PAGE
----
Do distributed energy resources result in more pollution, or less? Our final installment of the series from Oak Ridge National Laboratory answers the question.
Tres Amigas Tie Up
Synchronizing networks to bring green power to market.
In 2008, testifying before the Senate Energy and Natural Resources Committee, T. Boone Pickens appeared as a persuasive, if unlikely, advocate for wind energy. He told the committee his company, Mesa Power, had just placed the largest single turbine order ever given and the Mesa Pampa Wind Project in Texas, when completed at a cost close to $10 billion, would generate 4,000 MW—enough energy to power 1.3 million homes. He also noted a potential pitfall: “[T]he large, flat open areas with adequate wind are usually located a long way from where electricity is needed. Since we can’t do much about where nature has put the wind, we have to do something about transmission to move electricity to market.”
Less than two years later, Pickens abandoned his project, saying he would build a wind farm in the Panhandle when transmission is built. Pickens’ change of fortune illustrates a problem. The United States is home to vast clean energy resources, but lacks a modern interstate transmission grid to deliver carbon-free electricity to customers in highly populated areas. Almost 300 GW of wind projects—output that potentially could meet 20 percent of the nation’s energy needs—now are waiting in line to connect to the grid because there isn’t enough transmission capacity to carry their power.
But transmission lines are only part of the solution. In order to fully integrate wind and other dispersed sources of energy into the system, America’s patchwork transmission networks need to be more closely interconnected and synchronized. That’s the goal of the proposed Tres Amigas merchant transmission project.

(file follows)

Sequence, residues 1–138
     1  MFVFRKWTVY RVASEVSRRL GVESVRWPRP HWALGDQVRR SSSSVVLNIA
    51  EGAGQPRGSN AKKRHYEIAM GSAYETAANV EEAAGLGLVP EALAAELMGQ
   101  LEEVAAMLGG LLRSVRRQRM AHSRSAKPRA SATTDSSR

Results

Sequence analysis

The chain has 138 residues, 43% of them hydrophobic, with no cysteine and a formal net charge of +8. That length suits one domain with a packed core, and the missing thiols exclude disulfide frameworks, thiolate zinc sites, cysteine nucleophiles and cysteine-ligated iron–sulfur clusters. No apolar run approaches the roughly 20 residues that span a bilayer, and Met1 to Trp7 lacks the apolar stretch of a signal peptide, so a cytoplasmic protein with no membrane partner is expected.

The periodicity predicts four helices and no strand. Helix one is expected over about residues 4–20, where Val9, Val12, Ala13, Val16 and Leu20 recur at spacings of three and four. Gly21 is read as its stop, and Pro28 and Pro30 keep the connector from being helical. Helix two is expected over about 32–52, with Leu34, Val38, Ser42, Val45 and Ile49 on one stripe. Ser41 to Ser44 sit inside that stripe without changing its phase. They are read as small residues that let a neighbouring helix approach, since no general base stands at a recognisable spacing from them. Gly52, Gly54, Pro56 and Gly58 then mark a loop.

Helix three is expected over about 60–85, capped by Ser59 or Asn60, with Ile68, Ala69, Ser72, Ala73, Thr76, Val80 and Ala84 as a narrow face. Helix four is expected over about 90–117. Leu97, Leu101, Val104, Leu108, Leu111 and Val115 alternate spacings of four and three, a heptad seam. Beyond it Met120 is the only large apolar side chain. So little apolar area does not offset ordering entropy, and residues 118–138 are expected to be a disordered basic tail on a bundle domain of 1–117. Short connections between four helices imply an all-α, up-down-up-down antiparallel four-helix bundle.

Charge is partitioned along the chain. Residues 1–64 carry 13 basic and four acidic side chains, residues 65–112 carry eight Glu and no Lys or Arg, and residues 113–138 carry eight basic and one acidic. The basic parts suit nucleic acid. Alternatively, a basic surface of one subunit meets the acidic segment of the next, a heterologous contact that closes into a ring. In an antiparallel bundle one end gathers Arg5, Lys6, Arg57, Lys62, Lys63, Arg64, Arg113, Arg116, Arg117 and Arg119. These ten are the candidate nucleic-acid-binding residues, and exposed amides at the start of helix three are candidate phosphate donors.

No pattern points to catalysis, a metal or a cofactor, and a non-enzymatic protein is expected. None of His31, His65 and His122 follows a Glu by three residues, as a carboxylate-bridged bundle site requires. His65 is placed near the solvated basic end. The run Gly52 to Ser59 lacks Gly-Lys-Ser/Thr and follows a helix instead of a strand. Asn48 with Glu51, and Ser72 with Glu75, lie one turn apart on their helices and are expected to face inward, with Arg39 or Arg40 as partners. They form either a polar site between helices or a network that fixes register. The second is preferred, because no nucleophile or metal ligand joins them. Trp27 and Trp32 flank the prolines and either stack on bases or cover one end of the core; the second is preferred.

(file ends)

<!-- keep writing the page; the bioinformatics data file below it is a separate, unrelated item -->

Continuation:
Many industry studies have identified systemic problems, principal among them division of the nation’s transmission grid into three asynchronous alternating current (AC) networks with little existing transmission transfer capacity between them: the Eastern Interconnection (EI, also referred to as SPP), Western Interconnection (WECC), and Electric Reliability Council of Texas (ERCOT). Power sourced in one region can’t presently be delivered in another even if the price that would be paid in the latter is higher than that in the former ( see Figures 2 and 3 ). This balkanization is a major barrier to renewable energy development.
High-voltage direct-current (HVDC) transmission technology provides a feasible way to interconnect asynchronous power grids and allow presently bottlenecked renewable power to reach load centers. Using voltage source converters (VSCs) to transform alternating current (AC) to direct current (DC) and then reconstitute it as synchronized AC, this technology can deliver active and reactive power independently, unaffected by loop flow or the congestion of parallel AC systems. VSCs permit real-time dynamic support of each interconnected AC system, improving stability, transfer capability, and reducing line losses. Fully controllable HVDC power transmission permits day-ahead and hour-ahead market scheduling, operation of inter-market power exchanges, and priced settlement of power transfers.
Recognizing a unique opportunity, Tres Amigas, LLC, a privately financed start-up company organized by Phil Harris, the former chief executive